Henry Ray Clark (October 12th, 1936 – July 13th 2006) was a folk and visionary artist born in Bartlett, Texas. A school drop out after the sixth grade he was schooled by his uncle in the ways of street hustling and gambling. He became a criminal with the street name of “The Magnificent Pretty Boy.” Known as being handsome, with deep blue eyes, on the streets of Houston he was known as “Pretty Boy” and then “The Magnificent Pretty Boy”.
After a series of drug dealing convictions he was found guilty of an assault, his third strike in the Texas Three Strikes Law, which sentenced him to 25 years in Huntsville State Prison. While in prison he was introduced to the prison arts program which provided a creative outlet. He developed a characteristic drawing style involving detailed patterning and line work. He drew with green, black and red ball point pens on any scrap of paper he could find — envelopes to prison menus. He described his gladiators and cosmic visions with razor-sharp outlines, covering every millimeter of the surface with the color inks.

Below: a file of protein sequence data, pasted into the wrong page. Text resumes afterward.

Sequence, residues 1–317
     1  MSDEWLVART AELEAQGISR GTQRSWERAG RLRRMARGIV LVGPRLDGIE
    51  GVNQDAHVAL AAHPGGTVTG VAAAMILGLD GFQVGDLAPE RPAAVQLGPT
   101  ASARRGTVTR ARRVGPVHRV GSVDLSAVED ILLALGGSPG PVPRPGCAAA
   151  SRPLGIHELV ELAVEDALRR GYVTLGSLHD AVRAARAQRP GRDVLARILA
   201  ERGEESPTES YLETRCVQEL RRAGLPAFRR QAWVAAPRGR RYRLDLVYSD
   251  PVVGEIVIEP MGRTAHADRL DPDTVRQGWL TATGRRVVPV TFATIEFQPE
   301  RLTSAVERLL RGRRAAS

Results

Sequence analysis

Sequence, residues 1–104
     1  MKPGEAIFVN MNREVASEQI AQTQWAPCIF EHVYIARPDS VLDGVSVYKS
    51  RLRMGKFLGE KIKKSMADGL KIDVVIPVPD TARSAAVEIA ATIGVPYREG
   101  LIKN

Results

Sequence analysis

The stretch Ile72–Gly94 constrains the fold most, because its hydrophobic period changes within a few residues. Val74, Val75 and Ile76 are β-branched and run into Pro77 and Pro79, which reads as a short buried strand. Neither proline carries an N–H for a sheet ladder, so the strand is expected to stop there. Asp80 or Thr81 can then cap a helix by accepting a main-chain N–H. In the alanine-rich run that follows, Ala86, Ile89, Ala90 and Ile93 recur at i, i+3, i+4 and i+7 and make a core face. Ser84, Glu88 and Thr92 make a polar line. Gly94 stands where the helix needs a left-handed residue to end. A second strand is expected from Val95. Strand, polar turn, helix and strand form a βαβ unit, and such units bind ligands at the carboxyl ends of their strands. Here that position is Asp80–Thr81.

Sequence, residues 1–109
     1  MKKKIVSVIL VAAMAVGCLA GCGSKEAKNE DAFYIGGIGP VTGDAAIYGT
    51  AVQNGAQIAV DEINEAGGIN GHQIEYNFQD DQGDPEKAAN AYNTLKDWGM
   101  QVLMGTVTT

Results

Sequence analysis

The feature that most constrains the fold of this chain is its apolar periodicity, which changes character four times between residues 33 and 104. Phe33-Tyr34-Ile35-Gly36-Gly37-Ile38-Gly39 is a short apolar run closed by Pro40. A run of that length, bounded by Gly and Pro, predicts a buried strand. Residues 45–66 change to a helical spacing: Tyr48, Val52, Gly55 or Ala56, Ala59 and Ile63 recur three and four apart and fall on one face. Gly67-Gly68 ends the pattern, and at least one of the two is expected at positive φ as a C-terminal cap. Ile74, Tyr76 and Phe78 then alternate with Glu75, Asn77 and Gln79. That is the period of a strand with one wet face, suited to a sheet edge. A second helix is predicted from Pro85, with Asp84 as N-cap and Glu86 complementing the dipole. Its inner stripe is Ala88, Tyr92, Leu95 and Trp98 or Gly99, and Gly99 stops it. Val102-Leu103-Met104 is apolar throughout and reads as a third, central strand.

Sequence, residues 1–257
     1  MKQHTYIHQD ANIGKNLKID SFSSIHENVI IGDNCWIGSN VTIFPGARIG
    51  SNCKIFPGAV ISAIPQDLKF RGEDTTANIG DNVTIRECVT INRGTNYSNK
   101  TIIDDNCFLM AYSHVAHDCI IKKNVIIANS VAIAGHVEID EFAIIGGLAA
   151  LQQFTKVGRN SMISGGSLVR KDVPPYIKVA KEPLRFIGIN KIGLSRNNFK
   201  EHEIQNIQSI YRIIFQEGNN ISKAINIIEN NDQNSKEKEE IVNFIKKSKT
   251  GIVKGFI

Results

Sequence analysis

After being discovered in a prison art show by William Steen, Clark found an enthusiastic reception in the wider world. After winning a prize in the “Texas Department of Corrections Art Show,” he was exhibited in “Living Folk” at Hirschl & Adler Folk Gallery in New York in 1990; “Passionate Visions of the American South,” New Orleans Museum of Art, 1993, and “Spirited Journeys: Self-Taught Texas Artists of the Twentieth Century,” 1997.
Clark said his work comes to him naturally: “I sit down and, watch a football game or watch my soap operas every day. While I’m watching, this my hand be real busy. Every once in a while, I glance down, I don’t know where it come from, but it’s beautiful precise control.”
And he went on to express: “If anybody knows anything about my art, they know about my planets,” he explained once. “I know they are out there because I’ve been there. Every night when I go to bed, I travel in my spaceship going to all the places I put on these papers.”
Clark went to prison more than once, but after his final release he made Houston his home. Ironically, Clark died on July 29, 2006, the victim of a robbery and murder in his home.